women

COVID-19 stress has greater impact on women than men, UH study finds

Women report higher stress levels than men on average, according to the American Psychological Association, so it’s no surprise that COVID-19 has heightened those worries.

The University of Houston recently surveyed 1,063 Houston-area residents in a new study, as reported by the Houston Chronicle’s Julian Gill, and found that nearly 34 percent of women felt anxious almost every day, or more than half of each week, compared to 25 percent of men.

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About 26 percent of women said they experienced no anxiety at all, compared to 43 percent of men.


“The survey shows that the adverse impact of COVID-19 has been widespread,” as reported by UH’s Hobby School of Public Affairs. “Almost 30% of respondents expressed that they personally know someone who has contracted the COVID-19 virus. More than 10% of them lost family members or friends to COVID-19.”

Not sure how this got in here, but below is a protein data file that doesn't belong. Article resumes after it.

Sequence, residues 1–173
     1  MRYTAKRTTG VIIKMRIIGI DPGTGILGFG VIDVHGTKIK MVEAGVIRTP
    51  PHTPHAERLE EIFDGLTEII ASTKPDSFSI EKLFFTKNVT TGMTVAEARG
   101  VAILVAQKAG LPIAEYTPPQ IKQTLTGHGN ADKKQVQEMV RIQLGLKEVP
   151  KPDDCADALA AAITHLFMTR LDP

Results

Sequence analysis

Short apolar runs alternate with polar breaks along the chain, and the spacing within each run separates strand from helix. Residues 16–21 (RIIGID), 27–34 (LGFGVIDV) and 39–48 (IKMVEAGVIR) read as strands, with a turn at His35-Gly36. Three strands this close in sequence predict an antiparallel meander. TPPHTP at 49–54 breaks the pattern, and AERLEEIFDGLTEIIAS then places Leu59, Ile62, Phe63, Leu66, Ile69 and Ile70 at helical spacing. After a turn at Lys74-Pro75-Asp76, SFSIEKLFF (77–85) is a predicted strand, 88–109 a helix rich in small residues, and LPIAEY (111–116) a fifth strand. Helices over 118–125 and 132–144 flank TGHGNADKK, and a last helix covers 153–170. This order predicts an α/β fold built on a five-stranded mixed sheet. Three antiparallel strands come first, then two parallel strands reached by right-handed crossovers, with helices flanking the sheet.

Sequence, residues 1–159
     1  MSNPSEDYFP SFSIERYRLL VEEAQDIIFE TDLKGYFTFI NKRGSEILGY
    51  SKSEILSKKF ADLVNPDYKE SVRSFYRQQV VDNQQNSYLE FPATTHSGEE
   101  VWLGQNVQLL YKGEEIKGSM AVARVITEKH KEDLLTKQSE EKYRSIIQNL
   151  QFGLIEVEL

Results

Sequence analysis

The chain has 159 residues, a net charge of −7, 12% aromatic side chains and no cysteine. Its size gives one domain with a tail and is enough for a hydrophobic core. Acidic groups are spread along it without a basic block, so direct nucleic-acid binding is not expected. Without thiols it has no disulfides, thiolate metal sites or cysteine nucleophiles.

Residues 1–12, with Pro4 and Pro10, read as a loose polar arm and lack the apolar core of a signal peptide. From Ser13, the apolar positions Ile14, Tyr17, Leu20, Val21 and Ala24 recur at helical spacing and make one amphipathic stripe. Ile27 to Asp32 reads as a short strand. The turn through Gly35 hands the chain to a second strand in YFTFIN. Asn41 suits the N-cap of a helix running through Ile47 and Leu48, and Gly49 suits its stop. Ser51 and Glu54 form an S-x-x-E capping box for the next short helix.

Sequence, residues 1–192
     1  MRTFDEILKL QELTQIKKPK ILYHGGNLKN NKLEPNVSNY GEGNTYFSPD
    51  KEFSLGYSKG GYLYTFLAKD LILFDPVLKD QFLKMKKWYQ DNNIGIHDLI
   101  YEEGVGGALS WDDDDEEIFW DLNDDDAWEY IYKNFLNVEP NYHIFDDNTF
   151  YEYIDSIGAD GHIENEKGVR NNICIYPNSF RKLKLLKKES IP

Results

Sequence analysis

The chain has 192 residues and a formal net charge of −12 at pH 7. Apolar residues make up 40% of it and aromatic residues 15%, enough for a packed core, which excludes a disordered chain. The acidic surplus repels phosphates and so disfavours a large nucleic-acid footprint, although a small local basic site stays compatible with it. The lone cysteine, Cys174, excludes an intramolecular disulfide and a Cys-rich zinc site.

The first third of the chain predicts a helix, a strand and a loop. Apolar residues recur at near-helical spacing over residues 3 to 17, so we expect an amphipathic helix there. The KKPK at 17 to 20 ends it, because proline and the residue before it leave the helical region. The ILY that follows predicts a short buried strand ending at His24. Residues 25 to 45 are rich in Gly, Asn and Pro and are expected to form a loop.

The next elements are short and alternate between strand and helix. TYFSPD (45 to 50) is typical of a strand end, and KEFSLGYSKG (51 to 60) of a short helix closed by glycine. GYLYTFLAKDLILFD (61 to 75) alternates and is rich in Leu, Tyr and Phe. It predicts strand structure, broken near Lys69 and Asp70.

While there is no confirmed correlation between the two studies, COVID-19-related anxiety could explain the 17 percent increase in alcohol consumption among women found in another recent study.

Fox News’ Janine Puhak, citing a study from the RAND Corporation released in the medical journal JAMA Network Open, reported that “‘heavy drinking’ – as defined by four or more drinks within a few hours – jumped 41% among the ladies from a year prior.”

With no clear end to the pandemic in sight, more than four out of five people living in the greater Houston-area revealed that they are worried about the post-COVID economy, Gill reported.

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